From the author of the best-selling The Butler--an emotional, inspiring story of two teams from a poor, black, segregated high school in Ohio, who, in the midst of the racial turbulence of 1968/1969, win the Ohio state baseball and basketball championships in the same year.
1968 and 1969: Martin Luther King Jr. and Bobby Kennedy are assassinated. Race relations are frayed like never before. Cities are aflame as demonstrations and riots proliferate. But in Columbus, Ohio, the Tigers of segregated East High School win the baseball and basketball championships, defeating bigger, richer, whiter teams across the state. Now, Wil Haygood gives us a spirited and stirring account of this improbable triumph and takes us deep into the personal lives of these local heroes: Robert Wright, power forward, whose father was a murderer; Kenny Mizelle, the Tigers' second baseman, who grew up under the false impression that his father had died; Eddie "Rat" Ratleff, the star of both teams, who would play for the 1972 U.S. Olympic basketball team. We meet Jack Gibbs, the first black principal at East High; Bob Hart, the white basketball coach, determined to fight against the injustices he saw inflicting his team; the hometown fans who followed the Tigers to stadiums across the state. And, just as important, Haygood puts the Tigers' story in the context of the racially charged late 1960s. The result is both an inspiring sports story and a singularly illuminating social history.
About the Author
WIL HAYGOOD is currently a Visiting Distinguished Professor in the department of media, journalism, and film at Miami University, Ohio. For nearly three decades he was a journalist, serving as a national and foreign correspondent at The Boston Globe, where he was a Pulitzer Prize finalist, and then at The Washington Post. He is the author The Butler: A Witness to History; Showdown: Thurgood Marshall and the Supreme Court Nomination That Changed America; Sweet Thunder: The Life and Times of Sugar Ray Robinson; In Black and White: The Life of Sammy Davis, Jr; Two on the River; King of the Cats: The Life and Times of Adam Clayton Powell Jr.; and The Haygoods of Columbus: A Family Memoir. The Butler was later adapted into the critically acclaimed film directed by Lee Daniels, starring Forest Whitaker and Oprah Winfrey. He has received a John Simon Guggenheim Memorial Foundation Fellowship, a National Endowment for the Humanities Fellowship, and the 2017 Patrick Henry Fellowship Literary Award for his research on Tigerland. He lives in Washington, D.C.
“Journalist Haygood tells a story of perseverance, courage, and breathtaking talent as he recounts, in vibrant detail, the achievements of the Tigers, a basketball and baseball team at Columbus, Ohio’s inner-city East High School...[The] author creates moving portraits of the teenagers and their undaunted coaches and supporters...Haygood dramatically renders the heady excitement of each game, the tense moments of a close contest, and the exuberant—tear-jerking—wins. The inspiring story of East High’s championship becomes even more astonishing in the context of endemic racism, which the author closely examines, and “the turmoil of a nation at war and in the midst of unrest,” roiled by the assassinations of Martin Luther King Jr. and Robert Kennedy. An engrossing tale of one shining moment in dark times.” —Kirkus (starred review)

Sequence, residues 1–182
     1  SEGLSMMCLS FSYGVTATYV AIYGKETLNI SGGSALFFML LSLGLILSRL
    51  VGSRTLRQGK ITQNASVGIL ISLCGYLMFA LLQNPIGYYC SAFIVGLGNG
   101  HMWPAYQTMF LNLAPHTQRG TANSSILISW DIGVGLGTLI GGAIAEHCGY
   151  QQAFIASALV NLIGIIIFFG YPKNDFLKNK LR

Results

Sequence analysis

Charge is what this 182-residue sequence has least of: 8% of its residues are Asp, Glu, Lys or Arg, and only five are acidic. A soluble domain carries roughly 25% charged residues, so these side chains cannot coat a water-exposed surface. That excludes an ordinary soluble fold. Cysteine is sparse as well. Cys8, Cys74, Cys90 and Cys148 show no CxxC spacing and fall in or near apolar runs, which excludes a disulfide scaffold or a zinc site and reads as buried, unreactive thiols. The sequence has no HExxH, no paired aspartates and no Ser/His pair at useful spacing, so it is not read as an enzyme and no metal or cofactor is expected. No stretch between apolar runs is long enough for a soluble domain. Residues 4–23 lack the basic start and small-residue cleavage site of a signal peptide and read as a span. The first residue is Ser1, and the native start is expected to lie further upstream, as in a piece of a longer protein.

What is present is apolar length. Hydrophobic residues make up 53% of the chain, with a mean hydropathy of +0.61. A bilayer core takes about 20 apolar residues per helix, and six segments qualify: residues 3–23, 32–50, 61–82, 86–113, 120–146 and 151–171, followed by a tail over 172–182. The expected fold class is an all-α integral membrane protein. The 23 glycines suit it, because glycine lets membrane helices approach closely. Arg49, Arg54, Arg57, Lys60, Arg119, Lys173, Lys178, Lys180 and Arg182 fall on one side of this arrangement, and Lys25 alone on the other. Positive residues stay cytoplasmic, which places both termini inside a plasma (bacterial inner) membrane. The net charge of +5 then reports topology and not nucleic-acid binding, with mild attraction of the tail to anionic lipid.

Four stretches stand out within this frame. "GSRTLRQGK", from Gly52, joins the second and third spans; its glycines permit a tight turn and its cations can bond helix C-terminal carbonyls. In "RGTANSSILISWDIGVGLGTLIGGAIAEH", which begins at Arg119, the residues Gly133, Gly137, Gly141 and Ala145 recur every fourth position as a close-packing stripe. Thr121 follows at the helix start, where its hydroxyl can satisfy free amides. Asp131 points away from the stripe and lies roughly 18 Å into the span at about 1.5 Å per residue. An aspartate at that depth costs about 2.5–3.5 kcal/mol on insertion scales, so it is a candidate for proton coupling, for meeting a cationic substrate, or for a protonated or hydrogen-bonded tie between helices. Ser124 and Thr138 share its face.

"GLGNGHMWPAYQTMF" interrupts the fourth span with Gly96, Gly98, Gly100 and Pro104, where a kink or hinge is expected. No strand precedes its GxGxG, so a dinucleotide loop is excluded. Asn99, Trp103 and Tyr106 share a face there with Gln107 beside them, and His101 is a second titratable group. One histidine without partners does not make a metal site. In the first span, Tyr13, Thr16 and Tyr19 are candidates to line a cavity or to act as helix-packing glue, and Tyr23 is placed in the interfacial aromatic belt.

“As in all his avidly read books, Haygood sets the stories of fascinating individuals within the context of freshly reclaimed and vigorously recounted African American history as he masterfully brings a high school and its community to life. This laugh-and-cry tale of rollicking and wrenching drama set to the beat of thumping basketballs and the crack of baseball bats, fast breaks and cheerleaders’ chants, is electric with tension and conviction, and incandescent with unity and hope.” —Booklist (starred review)
“Mr. Haygood executes a series of historical fadeaway jump shots, taking us back for extended interludes with the likes of Rev. King, Jackie Robinson, federal Judge Bobby Duncan and other civil rights catalysts...the interludes illustrate the forward leaps, staggering setbacks and relentlessly hard work toward equality in America... And then we’re off on a classic sports story, as the school’s basketball and baseball players take form and the teams clamber to improbable heights. Naturally, Mr. Haygood explores the forces that shaped the young men, almost all of whom grew up in fatherless families with working mothers who struggled to feed and clothe them. Like J. Anthony Lukas’ Pulitzer Prize-winning 1985 book, “Common Ground” — also focused on school segregation — there’s complexity and ambiguity throughout.” —Pittsburgh Post-Gazette
“Haygood’s look at the socially turbulent atmosphere, told from the perspective of a black man coming of age at the time, is nationally relevant…it is a good story with uplifting moments of achievements by the players in spite of hardship and cultural turmoil.” —The Columbus Dispatch
“’Tigerland’ is about more than sports. Sports provides a plot line and characters for a conversation about race in America. [Haygood's] research and careful descriptions of the athletes and community distinguish ‘Tigerland’ and give it humanity. ‘Tigerland’ maintains relevance today because it demands that we ask what, if anything, has been resolved.” —StarTribune
“Here are the raw materials of a classic American story…vividly told. [Haygood] is a walker in the city with a memory like a lock box and a reporter’s notebook crammed with life lessons… a haunting, unforgettable book.” —Wall Street Journal